What is your favorite dish on the menu at the moment? Right now, I’m doing a house-made spicy lamb sausage with broccoli rabe, pomodoro sauce, and rigatoni. I like making pastas. That dish is brand new, so I’m really excited about it.

What sort of clientele frequents BLT Market? Tony Bennett comes in here a lot. We have a large amount of the Ritz-Carlton hotel guests who come down from their rooms too. Mainly, it’s the Upper East Siders.

How’d you get your start in the restaurant business? I’m a second-generation chef. My father graduated from same culinary school as I did, the Culinary Institute of America. He was an executive chef outside of Boston while I was growing up. So, I basically grew up in the kitchen.

What was the first restaurant you worked in, in New York City? I worked for a lady named Patricia Yo who owned two restaurants, AZ and Pazzo. It’s ironic because now those two restaurants are BLT Fish and BLT Steak.

How’d you get your position as sous chef to Cat Cora on Iron Chef America? When I was cooking at Daniel years ago, a good friend of mine who was working for Iron Chef told me Cat was looking for a replacement. I emailed my resume to Cat’s assistant, and literally 15 minutes later, they called and said, “It looks great. Do you want to meet Cat?” I met with her and have been on the show now for three years

What’s it like cooking on television? After watching the show for such a long time, to actually be in Kitchen Stadium was kind of weird. I was like, “Wow, I can’t believe I’m actually here.” I was super nervous the first time, but then you get used to these guys running around with cameras while you’re cooking, and cables all over the place. I’m really comfortable with it now.

Favorite restaurants in New York? After work, I like to go to Landmarc in the Time Warner building because it turns into an industry hangout after my working hours. There are so many people that work late that go there. They have a great wine list. I also like going to Nougatine at Jean Georges for lunch. It’s a great deal, and the food is super tasty and awesome.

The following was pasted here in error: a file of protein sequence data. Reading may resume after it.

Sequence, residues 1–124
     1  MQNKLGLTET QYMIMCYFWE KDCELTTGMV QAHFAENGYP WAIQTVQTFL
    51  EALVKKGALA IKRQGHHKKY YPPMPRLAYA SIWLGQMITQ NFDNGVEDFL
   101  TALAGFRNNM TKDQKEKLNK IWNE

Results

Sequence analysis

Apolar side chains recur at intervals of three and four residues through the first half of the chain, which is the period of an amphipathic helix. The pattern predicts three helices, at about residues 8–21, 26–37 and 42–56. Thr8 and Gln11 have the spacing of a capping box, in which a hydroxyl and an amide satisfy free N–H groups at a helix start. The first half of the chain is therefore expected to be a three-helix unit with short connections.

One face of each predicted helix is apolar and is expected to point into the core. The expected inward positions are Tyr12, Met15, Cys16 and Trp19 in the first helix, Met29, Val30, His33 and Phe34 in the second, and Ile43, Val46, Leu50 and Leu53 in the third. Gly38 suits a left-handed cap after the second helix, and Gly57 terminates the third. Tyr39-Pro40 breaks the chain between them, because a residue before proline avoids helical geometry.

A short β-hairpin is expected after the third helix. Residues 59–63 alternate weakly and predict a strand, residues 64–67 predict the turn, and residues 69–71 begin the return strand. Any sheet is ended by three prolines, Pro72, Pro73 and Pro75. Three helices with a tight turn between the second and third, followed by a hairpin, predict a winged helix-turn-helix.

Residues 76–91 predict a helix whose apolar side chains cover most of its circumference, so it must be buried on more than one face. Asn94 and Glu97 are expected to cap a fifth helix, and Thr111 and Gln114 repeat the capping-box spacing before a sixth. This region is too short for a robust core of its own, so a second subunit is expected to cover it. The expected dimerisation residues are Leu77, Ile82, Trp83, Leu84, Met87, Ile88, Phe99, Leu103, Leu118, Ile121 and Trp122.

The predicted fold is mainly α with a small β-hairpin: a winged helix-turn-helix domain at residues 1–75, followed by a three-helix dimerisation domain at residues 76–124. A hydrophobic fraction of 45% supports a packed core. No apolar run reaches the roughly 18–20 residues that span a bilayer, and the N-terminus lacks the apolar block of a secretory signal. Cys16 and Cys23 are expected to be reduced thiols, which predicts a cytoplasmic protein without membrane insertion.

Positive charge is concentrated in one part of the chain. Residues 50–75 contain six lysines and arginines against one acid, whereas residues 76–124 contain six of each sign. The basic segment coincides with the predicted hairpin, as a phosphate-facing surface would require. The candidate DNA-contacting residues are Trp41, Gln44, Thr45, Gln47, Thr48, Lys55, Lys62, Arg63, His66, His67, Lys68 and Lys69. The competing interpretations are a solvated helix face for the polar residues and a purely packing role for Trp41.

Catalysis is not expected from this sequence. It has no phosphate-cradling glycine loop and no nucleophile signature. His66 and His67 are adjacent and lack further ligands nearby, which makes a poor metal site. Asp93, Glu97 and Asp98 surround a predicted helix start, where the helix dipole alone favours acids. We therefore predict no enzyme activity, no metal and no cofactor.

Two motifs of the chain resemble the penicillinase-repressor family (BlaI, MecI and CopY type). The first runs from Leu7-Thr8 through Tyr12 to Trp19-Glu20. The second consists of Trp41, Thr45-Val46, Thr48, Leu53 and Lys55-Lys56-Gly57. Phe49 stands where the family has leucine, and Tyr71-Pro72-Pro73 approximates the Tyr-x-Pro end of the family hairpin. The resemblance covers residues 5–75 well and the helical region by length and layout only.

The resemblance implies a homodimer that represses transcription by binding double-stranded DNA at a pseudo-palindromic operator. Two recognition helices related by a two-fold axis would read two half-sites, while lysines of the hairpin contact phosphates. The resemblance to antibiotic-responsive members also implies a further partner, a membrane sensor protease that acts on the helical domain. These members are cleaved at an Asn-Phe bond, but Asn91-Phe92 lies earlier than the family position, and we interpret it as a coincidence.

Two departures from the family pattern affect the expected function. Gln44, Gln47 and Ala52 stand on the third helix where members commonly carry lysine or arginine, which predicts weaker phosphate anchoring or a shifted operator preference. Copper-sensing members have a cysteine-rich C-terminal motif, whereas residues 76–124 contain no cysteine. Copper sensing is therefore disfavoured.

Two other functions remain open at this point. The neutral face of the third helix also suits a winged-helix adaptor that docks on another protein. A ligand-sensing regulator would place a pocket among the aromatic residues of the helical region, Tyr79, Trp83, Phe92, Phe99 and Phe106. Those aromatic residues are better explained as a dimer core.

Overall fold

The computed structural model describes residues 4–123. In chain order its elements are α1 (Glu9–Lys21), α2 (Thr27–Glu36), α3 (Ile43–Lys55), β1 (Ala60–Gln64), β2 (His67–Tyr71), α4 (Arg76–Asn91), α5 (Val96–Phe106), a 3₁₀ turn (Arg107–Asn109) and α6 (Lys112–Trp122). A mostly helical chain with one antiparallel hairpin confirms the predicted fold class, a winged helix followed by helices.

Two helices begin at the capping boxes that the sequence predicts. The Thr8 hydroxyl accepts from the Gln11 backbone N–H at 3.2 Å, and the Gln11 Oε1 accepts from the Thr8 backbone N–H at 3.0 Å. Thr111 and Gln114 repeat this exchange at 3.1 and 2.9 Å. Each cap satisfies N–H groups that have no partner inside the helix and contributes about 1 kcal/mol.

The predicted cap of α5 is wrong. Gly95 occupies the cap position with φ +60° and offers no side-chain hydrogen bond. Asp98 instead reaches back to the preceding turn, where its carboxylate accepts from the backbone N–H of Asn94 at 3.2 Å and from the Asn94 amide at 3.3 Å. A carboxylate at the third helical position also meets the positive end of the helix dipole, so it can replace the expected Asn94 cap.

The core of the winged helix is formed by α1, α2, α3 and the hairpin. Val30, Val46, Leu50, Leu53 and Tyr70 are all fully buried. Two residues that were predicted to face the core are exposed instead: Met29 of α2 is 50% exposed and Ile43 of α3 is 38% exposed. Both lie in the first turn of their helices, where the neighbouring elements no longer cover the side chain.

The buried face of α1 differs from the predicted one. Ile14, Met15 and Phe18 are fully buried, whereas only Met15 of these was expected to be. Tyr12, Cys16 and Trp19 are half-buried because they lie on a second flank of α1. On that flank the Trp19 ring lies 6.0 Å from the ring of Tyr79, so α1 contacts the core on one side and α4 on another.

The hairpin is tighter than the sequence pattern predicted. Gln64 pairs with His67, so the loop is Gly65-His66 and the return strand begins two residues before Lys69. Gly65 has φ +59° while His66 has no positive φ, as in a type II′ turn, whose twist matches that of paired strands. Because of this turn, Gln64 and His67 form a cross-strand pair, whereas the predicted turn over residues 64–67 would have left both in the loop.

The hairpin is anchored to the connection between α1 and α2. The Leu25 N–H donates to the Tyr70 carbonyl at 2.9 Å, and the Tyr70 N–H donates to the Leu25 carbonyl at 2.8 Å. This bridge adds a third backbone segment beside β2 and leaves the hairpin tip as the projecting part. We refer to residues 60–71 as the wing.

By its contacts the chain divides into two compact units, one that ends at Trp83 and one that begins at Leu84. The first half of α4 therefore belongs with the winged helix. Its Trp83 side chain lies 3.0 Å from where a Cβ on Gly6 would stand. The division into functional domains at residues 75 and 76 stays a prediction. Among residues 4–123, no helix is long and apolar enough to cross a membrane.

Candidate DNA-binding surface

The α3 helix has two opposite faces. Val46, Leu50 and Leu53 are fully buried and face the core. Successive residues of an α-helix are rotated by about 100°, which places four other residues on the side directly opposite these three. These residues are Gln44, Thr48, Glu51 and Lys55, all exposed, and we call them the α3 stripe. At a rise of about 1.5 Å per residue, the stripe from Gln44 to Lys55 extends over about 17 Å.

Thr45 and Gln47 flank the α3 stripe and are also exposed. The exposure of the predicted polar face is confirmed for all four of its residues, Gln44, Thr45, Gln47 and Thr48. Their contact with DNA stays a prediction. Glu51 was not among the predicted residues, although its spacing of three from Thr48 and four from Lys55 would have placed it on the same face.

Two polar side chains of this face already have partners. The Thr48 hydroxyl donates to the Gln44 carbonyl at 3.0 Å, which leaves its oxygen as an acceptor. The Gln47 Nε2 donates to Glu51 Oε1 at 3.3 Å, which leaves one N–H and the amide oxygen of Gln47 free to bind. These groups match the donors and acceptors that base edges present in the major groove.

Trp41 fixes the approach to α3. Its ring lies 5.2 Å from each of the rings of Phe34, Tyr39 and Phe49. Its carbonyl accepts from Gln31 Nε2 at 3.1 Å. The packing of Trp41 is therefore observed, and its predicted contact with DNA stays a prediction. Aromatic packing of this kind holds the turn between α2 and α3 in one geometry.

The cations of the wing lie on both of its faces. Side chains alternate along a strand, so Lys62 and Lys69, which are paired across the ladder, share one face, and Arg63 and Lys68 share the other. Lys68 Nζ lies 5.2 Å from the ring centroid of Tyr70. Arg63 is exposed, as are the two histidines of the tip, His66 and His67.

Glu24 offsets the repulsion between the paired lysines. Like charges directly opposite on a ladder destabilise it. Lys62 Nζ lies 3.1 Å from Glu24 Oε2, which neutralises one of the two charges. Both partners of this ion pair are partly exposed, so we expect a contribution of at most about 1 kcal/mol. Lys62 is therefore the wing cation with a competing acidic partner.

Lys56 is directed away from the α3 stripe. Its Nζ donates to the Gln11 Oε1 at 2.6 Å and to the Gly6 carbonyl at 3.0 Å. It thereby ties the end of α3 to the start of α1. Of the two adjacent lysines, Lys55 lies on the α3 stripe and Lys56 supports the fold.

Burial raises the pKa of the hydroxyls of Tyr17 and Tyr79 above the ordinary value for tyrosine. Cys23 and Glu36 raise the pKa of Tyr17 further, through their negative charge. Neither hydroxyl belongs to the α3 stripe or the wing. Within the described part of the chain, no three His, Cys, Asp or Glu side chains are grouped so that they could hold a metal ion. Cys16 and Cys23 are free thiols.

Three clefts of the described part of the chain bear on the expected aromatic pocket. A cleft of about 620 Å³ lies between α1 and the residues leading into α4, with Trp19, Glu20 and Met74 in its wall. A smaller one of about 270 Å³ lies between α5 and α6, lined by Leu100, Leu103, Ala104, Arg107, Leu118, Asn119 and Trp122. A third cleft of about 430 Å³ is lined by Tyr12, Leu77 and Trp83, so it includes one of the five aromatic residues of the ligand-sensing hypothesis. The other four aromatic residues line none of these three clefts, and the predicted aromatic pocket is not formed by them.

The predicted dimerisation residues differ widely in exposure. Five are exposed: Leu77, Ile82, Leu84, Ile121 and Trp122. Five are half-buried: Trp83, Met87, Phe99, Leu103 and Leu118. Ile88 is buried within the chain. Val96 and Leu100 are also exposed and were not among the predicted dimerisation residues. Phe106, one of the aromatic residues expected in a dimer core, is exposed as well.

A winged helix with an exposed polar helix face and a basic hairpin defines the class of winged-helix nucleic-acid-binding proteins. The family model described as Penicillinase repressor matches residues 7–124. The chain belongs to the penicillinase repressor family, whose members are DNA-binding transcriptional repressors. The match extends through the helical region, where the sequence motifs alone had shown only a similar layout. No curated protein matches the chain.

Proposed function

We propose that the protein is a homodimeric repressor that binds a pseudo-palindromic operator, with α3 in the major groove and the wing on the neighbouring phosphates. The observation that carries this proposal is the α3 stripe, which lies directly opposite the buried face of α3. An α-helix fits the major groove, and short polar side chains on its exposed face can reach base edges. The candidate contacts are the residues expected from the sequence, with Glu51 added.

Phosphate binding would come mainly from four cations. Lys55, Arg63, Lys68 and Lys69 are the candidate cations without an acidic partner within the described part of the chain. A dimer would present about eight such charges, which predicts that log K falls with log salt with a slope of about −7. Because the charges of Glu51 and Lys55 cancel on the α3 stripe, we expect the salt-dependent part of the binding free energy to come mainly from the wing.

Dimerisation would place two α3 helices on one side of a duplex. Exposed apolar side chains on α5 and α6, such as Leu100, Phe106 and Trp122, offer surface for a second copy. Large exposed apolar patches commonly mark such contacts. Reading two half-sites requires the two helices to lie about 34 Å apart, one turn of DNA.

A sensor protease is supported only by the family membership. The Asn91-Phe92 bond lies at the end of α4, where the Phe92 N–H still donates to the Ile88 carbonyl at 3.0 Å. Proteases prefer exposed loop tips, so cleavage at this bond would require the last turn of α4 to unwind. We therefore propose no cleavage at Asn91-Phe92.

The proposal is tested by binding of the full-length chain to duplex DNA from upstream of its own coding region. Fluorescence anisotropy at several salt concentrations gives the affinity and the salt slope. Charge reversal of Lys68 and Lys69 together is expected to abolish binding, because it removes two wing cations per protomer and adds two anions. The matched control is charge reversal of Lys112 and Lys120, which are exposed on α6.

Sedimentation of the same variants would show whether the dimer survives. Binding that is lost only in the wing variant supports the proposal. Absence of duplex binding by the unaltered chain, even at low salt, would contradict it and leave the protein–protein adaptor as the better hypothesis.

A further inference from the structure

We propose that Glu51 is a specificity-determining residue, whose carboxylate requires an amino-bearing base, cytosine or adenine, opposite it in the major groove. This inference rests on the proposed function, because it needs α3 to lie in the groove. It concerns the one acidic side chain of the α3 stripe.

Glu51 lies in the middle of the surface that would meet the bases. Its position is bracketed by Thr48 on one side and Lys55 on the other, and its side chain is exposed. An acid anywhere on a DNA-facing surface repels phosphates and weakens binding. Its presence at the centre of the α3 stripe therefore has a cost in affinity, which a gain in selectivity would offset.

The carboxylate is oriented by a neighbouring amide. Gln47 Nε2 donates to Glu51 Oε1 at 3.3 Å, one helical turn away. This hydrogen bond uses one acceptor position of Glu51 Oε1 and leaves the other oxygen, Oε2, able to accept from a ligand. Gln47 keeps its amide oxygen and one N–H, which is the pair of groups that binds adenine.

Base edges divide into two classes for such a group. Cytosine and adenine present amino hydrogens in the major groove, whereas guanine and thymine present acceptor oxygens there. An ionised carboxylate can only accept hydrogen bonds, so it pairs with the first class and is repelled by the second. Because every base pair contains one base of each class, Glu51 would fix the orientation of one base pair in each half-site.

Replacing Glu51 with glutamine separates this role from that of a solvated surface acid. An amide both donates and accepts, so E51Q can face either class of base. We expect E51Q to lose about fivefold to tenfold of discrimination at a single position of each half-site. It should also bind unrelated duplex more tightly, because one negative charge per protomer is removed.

Who do you admire in the industry? Guy Savoy. He’s a very well-known chef, and he is super-talented. I had the privilege of eating at Guy Savoy in Las Vegas with my old boss Daniel Boulud, and it was a really memorable meal.

What are some positive trends that you’ve seen recently in the hospitality industry? The food styles keep changing. The way food styles keep evolving is the reason why I moved to New York from Boston. There are so many different restaurants. I don’t know if that even answers your question, but it’s true.

Any negative trends? Everybody is doing molecular gastronomy. I do respect it, and I’ll even use a little of it. But as far as using powders and chemicals, I’m not a fan of it.

What is something that people might not know about that goes on in the kitchen of a restaurant? Before service we always get together to talk and brief each other about what is going on that night, like how many reservations there are and how many are VIPs coming in. Here at BLT, between the front of the house and the back of the house, we always have a little pre-meal staff meeting to try and let everyone in on what’s going on.

What do you do for fun when you aren’t in the kitchen? When the weather is beautiful, I’ve been going to Central Park for the whole day and just hanging out and relaxing. Also, I obviously like to go out to dinner a lot.

What advice would you give to aspiring young chefs? I’d say you have to really, really love it. You can’t just wake up one day and say, “I think I want to be a chef.” It really has to come from the heart. You were born with this feeling that cooking is what you want to do. Young aspiring chefs should understand you’ve got to work a lot of long hours, and it’s hot in the kitchen. But you know what? If you really want it, absorb all of that and just do it. Have fun and don’t get discouraged. Keep asking questions and always listen to people with experience. Be a sponge.

What’s your dream spot for a project? I’m torn between NYC and Boston because I really love to be challenged, and New York is definitely a challenging city. Restaurants open and they close, they open and they close. But I could go back home to Boston where it’s a smaller scene, so it might be a bit easier to have a successful restaurant. I just want a cool, funky, straightforward restaurant that serves well-executed food. I want it to be fun and not pretentious with a great wine list. I’d say French/Italian food with handmade pastas. A very industrial-looking place instead of soft seats and plush leather.